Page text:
Garner's FA Cup run showcases loans success
As midfielder James Garner prepares to take on Liverpool in the FA Cup quarter-final with loan club Nottingham Forest, the behind-the-scenes work done to ensure successful loan moves at Manchester United is highlighted.
Garner is one of several United loanees excelling away from the club, playing a crucial role in Forest’s exciting cup run. The Reds knocked out record-winners Arsenal in the third round, holders Leicester City in the fourth round and defeated Huddersfield Town in the fifth round. You watch Garner's assist in the latter game below. Forest now host Liverpool at the City Ground.
21-year-old Garner should be involved in Sunday evening’s match - an 18:00 GMT kick-off which UK-based supporters can watch live on ITV - and will then join up with England’s Under-21s squad during the international break.
Nick Cox, Head of Academy, recently explained to us how Garner’s loan move will help his development and how United help our young players out on loan.
“I look at James Garner playing at Forest, with a couple of big cup upsets in recent weeks, and he’s become a bit of a household name,” Cox said.
“That’s wonderful for him. I don’t want to miss anyone out or single anyone out, but I also look at Dylan Levitt who has scored a couple of wonderful goals and I look at Ethan Galbraith slowly racking up senior appearances.
“Ultimately what this is about is accumulating appearances. If you can get to 50 appearances you can maybe consider that this is going to be your job, if you can get to 100, you might think it’s your career, if you get to 150, this might now be a top-level career.
“We’re always trying to help the boys not just get to a debut but slowly build up experiences in games, first and foremost to prepare yourself for our first team, but if it’s not to be with our first team, to make sure you’ve got solid experience in the bank to make sure that you have a career that goes on for many years.”
As well as the midfield trio of Garner, Levitt and Galbraith, full-back Brandon Williams is a first-choice starter for Norwich City in the Premier League, Tahith Chong and Teden Mengi have enjoyed great experiences at Birmingham City in the Championship, where defender Di’Shon Bernard has impressed for Hull City and Ethan Laird for Swansea City and now AFC Bournemouth.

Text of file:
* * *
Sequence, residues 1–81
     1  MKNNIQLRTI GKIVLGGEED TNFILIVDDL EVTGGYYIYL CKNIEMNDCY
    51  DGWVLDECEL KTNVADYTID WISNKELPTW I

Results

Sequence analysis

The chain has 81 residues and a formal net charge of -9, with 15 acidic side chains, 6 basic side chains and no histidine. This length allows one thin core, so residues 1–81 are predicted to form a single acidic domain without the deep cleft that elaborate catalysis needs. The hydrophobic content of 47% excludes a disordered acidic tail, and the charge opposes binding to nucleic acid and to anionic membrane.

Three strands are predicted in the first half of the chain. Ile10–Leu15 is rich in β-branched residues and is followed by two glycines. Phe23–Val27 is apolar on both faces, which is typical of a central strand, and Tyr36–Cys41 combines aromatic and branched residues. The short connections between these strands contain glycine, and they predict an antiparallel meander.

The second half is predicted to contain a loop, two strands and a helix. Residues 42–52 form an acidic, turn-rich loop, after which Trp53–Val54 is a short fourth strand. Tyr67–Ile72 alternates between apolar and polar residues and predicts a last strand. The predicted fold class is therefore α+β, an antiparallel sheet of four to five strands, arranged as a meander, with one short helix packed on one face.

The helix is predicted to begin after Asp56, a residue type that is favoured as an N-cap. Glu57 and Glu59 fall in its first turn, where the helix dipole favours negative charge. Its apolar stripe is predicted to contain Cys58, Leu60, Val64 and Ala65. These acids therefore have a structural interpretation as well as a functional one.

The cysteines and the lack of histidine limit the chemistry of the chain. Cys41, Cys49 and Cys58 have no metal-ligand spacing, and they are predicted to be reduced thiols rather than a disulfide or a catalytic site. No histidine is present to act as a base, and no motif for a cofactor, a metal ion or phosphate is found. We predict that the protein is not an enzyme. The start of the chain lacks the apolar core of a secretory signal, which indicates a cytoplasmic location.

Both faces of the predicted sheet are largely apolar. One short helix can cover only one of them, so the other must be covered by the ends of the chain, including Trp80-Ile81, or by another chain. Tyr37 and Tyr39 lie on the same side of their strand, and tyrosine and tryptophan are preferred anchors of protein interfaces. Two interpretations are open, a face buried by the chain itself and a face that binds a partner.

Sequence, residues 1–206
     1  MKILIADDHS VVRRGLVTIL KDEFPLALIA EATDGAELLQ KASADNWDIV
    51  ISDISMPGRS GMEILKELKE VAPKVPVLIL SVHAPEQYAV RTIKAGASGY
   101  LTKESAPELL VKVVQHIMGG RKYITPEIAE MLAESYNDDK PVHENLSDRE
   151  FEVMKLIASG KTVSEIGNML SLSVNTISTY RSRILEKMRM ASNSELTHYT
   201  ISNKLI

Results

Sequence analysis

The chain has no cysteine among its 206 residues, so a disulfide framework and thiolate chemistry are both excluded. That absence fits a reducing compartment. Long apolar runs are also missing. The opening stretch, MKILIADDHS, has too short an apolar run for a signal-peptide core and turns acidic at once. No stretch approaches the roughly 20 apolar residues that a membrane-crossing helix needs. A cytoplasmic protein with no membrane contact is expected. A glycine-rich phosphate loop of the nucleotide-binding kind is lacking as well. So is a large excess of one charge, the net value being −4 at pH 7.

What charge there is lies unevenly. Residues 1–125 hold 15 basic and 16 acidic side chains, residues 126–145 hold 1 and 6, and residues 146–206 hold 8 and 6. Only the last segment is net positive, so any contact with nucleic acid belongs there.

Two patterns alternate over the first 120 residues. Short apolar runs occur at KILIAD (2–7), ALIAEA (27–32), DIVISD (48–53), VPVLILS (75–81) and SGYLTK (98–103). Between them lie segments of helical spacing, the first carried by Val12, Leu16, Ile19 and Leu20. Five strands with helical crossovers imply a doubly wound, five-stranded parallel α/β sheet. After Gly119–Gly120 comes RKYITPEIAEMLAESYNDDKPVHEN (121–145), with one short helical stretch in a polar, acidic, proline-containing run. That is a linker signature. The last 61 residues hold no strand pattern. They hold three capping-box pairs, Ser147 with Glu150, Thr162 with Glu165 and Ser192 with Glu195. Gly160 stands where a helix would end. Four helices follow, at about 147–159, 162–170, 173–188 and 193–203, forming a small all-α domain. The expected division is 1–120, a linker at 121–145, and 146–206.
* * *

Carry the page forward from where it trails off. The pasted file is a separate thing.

It should be noted that the success of a loan move is not solely down to FA Cup victories, becoming a household name or even getting regular game time. Every player has different development needs, Cox explains, and that means the measure of success is not consistent.
“Going out on loan is a life experience as much as a football experience,” he said.
“Some boys join Academies at the age of nine, so they might not have played grassroots football and they might be in the programme for 10 or 12 years. So to leave Carrington, to maybe have to work out your own transport to a different training ground, to go and meet new people, to walk into a dressing room for the first time - it’s quite a nerve-wracking thing to do and it’s something that you have to practice - all those things that come with a loan are really, really important.
“Yes, getting minutes on the pitch is quite important, but it’s not the only measure of success of a loan period. An opportunity for young boys to go and experience senior football and to train every day with senior players is important, but the skill is to make sure we pick a loan experience to go and get the right returns.
"So we may put a boy out on loan just for the experience or the life skills, but at some point, we’ve got to put them out for a football development reason as well and make sure we get the right type of games or the right type of development whilst they’re not with us. We are constantly trying to assess all of the returns that we get in terms of a loan spell.
“We’ve got great support for boys who aren’t at the club, through the coaching staff who are at the club, through some connection with the first team, through Darren Fletcher, through Les Parry, who co-ordinates the loans experiences and through regular discussions with the players.
"We are constantly trying to make that experience as positive and as manageable as possible, but actually ultimately what we’re trying to do is help the boys cope with the adversity that naturally comes with playing senior football, playing professional, so I quite embrace the fact that they have to deal with them not being in the team or getting knocked out of the cup or going on a cup run or there’s a change in manager, that’s all preparation for a long career in the game.”